Should I file a second bankruptcy?

In Canada, most people file for bankruptcy once in their lives.

Most people come out the other side stronger and better equipped to manage their finances.

However, a small minority may need financial assistance again, which is more common than you think.

If this occurs, you can file a second bankruptcy, but it takes longer and will cost more.

How long does a second bankruptcy last?

If you file a second bankruptcy and have no surplus income, it lasts 24 months. If you have surplus income, a second bankruptcy lasts 36 months.

In the next section, we’ll look at surplus income and how it affects the cost of a second bankruptcy.

How long does a second bankruptcy cost?

A second bankruptcy costs more because it lasts longer. It can take 24 months if you have no surplus income and 36 months if you do.

Surplus income is when you make more money than the government-set threshold for your family size. If you earn more than the threshold, you make surplus income payments to your creditors during the bankruptcy process.

If your income increases during your bankruptcy, you may have to pay more into your bankruptcy. If your income decreases, you will pay less.

Surplus income affects the length of your bankruptcy, and it will take longer to be discharged.

If your monthly surplus income payments are $100 or more, your bankruptcy is automatically extended to 36 months. As a result, you must pay surplus payments during your bankruptcy period.

This is one of the most significant disadvantages when filing a second bankruptcy.

Alternative to a second bankruptcy

If you want to avoid filing for bankruptcy for a second time, a popular alternative is a consumer proposal.

In a consumer proposal, the payment is fixed and will never change. You will never have to pay extra, even if your income increases.

Although a consumer proposal will cost more than bankruptcy, you can spread out the payments over five years, giving you more time than bankruptcy gives you.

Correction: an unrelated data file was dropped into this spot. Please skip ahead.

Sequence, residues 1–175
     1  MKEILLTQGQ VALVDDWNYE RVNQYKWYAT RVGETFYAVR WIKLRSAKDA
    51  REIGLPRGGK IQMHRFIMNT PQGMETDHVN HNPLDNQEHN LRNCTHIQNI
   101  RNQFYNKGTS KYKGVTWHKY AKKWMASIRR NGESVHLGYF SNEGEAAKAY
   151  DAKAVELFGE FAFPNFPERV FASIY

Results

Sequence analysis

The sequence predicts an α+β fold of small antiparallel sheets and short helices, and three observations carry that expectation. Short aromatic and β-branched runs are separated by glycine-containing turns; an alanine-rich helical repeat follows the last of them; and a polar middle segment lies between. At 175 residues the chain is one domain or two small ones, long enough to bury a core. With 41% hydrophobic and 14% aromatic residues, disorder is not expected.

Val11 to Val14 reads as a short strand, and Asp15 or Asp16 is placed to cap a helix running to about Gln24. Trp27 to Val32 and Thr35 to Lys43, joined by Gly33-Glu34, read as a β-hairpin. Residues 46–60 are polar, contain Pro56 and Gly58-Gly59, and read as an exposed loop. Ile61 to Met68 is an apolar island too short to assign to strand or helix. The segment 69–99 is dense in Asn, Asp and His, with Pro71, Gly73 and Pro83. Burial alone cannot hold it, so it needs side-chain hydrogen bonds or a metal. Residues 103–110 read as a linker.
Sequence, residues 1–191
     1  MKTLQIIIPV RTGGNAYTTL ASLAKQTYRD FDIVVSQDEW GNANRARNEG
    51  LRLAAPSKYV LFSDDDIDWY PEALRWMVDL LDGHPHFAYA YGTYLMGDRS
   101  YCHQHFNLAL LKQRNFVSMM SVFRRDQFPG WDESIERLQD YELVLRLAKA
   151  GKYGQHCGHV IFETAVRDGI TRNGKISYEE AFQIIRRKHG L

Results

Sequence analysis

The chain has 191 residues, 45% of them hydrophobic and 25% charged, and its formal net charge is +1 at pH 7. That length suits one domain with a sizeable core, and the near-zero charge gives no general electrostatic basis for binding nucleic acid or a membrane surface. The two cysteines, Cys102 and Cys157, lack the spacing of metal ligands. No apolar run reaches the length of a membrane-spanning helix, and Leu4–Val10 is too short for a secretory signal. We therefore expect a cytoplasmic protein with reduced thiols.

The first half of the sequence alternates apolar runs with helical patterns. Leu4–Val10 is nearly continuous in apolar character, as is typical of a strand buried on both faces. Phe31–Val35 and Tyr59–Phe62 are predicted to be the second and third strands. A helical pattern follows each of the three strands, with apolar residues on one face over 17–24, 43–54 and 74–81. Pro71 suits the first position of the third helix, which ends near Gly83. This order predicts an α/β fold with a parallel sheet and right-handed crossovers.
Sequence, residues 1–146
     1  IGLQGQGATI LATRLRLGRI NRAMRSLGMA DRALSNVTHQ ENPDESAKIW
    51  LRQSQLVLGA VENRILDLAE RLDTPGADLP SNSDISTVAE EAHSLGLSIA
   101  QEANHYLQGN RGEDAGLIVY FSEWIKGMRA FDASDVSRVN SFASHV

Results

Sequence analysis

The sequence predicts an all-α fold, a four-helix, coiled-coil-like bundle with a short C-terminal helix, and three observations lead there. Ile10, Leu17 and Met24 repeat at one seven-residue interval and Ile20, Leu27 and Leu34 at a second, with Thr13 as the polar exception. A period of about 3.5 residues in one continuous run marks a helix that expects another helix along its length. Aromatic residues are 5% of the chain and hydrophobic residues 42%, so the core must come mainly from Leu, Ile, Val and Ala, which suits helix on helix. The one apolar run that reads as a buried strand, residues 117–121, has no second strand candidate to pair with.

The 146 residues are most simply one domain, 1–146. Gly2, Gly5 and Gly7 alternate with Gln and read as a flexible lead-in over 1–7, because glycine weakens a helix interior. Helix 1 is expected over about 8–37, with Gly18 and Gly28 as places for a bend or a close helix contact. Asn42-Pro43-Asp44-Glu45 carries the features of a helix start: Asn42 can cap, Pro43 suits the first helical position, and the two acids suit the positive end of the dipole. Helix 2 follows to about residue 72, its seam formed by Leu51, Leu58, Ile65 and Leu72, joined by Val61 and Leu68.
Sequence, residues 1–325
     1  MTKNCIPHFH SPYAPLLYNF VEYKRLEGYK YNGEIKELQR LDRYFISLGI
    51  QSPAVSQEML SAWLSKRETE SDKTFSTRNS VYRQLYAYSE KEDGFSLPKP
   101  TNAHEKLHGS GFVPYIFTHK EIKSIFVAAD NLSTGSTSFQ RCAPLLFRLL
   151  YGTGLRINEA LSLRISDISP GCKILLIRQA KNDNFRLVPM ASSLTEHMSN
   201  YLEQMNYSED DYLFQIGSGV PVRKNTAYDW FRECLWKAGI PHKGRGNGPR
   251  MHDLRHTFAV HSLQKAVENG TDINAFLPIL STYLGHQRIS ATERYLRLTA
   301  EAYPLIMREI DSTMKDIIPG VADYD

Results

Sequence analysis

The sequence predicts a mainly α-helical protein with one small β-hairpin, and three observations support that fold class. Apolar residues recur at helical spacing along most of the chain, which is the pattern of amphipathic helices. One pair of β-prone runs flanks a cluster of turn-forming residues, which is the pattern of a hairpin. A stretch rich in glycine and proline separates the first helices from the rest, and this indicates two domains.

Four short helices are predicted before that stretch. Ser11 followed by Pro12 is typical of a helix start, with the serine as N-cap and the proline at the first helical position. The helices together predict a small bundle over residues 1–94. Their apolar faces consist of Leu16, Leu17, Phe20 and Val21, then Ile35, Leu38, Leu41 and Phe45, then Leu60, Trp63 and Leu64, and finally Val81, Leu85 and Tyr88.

This means that your payments are affordable, and you can pay off the proposal in a shorter time if your income increases (in a consumer proposal, payments are fixed, regardless of income changes).

Creditors cannot oppose your discharge once the consumer proposal is accepted and your credit score is impacted for a shorter period.

How long does a second bankruptcy stay on my credit score?

When you file for bankruptcy for a second time, it stays on your credit score for longer.

While a first bankruptcy remains on your credit report six to seven years after discharge, a second bankruptcy will stay on your credit report for fourteen years.

Can I file a second bankruptcy if I haven’t been discharged?

You must be discharged from your first bankruptcy to file a second one.

If you haven’t been discharged, you will have to apply to the court to have it discharged.

Your discharge can be opposed by your creditors, your Licensed Insolvency Trustee or the OSB.

See also: How do I get discharged from bankruptcy?

Can I file a third bankruptcy?

You can file bankruptcy a third time, but you are not eligible for an automatic discharge. A discharge hearing in bankruptcy court will decide if you should be discharged and when.

The court can also apply additional penalties based on the time elapsed between each of your previous bankruptcies.

For example, if your bankruptcies occurred within a short time, the court may look unfavourably towards you and apply a fine.


Filing for bankruptcy for a second time will cost more than the first because it lasts longer.

Surplus income payments can further extend your second bankruptcy, which will increase the cost even more. It also appears on your credit report for fourteen years, which is double the time of a first-time bankruptcy.

You should discuss a second bankruptcy with a Licensed Insolvency Trustee who will advise you further and discuss alternatives that could be less drastic.

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